After the preparation procedure, the mixture is sealed in reactor. Then, hydrothermal method is put forward. Since crystallization can be generated in high-temperature aqueous solutions under high vapor pressures, the reaction is operated at 180°C for 30 h. The resultants are filtrated and preserved in room temperature for 10 days. Finally, the XRD, SEM, and spectra technique are employed.

2.2. Characterization of Er and Yb Doped KZnF3 Nanocrystal

The crystallinity of the prepared nanocrystal is analyzed by XRD (XRD6000, Shimadzu, Japan) with Cu Kα radiation ( nm) at 40 kV and 25 mA, under scanning rate of 10°/min. The nanocrystal morphology is observed by SEM (FEI-quanta-200F, FEI, Netherlands) and Particle Size Analyzers (Zetasizer NANO ZS90, Malvern, United Kingdom). The absorption/reflection spectra, FT-IR spectra, and common fluorescence spectra are detected by UV-visible spectrometer (U-4100, Hitachi, Japan), FT-IR spectrophotometer (Tensor27, Bruker, Germany), and fluorescence spectrometer (F-4600, Hitachi, Japan), respectively. To investigate the luminance conversion property, photoluminescence (PL) emission spectra are measured using photoluminescence spectrophotometer (Fluorolog-3-TAU, Horiba Jobin Yvon, France), with the exposure source irradiated at 980 nm. All analyses were done at room temperature.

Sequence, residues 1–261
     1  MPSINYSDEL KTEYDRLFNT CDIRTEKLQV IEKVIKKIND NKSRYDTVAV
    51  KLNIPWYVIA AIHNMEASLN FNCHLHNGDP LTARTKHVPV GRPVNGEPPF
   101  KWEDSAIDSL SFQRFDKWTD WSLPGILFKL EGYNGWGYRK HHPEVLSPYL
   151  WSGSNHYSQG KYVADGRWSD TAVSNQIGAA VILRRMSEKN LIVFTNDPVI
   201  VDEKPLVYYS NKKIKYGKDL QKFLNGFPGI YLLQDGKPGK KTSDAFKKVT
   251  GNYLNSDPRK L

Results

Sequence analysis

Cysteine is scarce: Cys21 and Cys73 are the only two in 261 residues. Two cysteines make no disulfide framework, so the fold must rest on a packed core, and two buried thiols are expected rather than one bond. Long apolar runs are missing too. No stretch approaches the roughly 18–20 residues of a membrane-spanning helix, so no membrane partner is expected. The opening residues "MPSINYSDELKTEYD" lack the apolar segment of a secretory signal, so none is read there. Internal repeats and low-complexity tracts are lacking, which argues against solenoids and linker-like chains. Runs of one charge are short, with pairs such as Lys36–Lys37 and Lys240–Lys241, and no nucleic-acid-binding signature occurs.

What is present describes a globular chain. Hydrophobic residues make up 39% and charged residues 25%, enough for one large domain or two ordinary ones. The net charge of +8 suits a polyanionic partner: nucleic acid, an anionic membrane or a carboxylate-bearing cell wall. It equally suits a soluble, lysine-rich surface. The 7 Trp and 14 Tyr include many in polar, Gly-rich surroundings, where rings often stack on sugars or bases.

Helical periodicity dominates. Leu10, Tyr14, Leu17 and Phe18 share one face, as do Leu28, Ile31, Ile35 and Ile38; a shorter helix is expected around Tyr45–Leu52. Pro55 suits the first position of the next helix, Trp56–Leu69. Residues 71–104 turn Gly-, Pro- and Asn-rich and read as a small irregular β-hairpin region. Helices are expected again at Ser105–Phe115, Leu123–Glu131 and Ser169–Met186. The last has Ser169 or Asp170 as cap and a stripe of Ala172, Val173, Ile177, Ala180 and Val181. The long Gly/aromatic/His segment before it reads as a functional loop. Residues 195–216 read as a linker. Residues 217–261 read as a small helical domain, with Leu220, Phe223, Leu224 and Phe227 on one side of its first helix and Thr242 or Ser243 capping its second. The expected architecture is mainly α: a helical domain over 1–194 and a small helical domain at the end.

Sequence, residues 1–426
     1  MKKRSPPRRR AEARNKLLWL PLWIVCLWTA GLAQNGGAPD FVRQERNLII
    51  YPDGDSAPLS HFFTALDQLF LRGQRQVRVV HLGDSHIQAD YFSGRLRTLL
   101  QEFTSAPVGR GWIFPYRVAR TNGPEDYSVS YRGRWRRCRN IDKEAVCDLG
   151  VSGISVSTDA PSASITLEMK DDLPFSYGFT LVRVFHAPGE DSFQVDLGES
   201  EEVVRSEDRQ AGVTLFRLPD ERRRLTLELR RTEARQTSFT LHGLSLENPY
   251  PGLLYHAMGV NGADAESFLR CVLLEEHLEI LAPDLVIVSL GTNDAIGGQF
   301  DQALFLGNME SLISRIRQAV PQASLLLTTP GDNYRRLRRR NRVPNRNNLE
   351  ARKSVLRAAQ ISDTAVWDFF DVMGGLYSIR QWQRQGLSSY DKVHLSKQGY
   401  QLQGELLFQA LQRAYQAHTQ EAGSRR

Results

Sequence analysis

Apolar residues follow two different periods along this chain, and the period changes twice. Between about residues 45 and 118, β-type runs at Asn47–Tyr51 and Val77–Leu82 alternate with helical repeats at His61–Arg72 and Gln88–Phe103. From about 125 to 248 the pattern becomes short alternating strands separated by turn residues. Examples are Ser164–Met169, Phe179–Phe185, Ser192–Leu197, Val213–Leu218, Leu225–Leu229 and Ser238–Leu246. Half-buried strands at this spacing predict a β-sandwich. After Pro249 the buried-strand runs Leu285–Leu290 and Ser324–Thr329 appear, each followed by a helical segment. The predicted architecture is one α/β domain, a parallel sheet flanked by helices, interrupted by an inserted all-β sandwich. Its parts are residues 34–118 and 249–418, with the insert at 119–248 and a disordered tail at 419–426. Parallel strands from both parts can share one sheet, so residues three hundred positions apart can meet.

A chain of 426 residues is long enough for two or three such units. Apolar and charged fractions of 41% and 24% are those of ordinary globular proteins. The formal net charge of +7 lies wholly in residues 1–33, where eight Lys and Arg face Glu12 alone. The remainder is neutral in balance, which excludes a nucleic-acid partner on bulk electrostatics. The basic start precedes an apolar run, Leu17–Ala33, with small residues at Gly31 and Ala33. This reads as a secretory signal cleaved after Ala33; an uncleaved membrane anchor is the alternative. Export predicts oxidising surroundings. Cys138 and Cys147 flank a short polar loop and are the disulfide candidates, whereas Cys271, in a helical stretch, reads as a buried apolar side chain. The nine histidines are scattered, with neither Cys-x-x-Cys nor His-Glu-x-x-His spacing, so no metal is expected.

3. Results and Discussion

3.1. XRD Analysis

Phase identification of nanocrystals is performed via X-ray diffraction shown in Figure 1. X-ray diffraction pattern of the nanocrystals is matched well with the standard pattern of PDF#06-0439, which suggested that the material has crystallized as KZnF3 structure.

There is a minute location increase of the diffraction peaks compared to the standard KZnF3 pattern, and it can be ascribed that the diameters of the doped Er3+ and Yb3+ ions are different from the substituted ions in KZnF3 crystal lattice. In addition, some additional weak peaks, such as the peaks appearing at 19.0 degrees in only Er3+ doped material and 13.6, 15.5, 19.1, 28.1, and 47.8 degrees of Er3+/Yb3+ doped nanocrystals, might belong to the incompletely reacted fluoride raw materials, unwanted oxide, or oxy-fluoride impurities.

3.2. SEM and Diameter Distribution Analysis

The SEM graph is shown in Figure 2. The nanocrystal has cuboid perovskite type structure with smooth surface. Such structure can be used as optical substrate, since many ions possessing different valence states can be doped into its crystal lattice.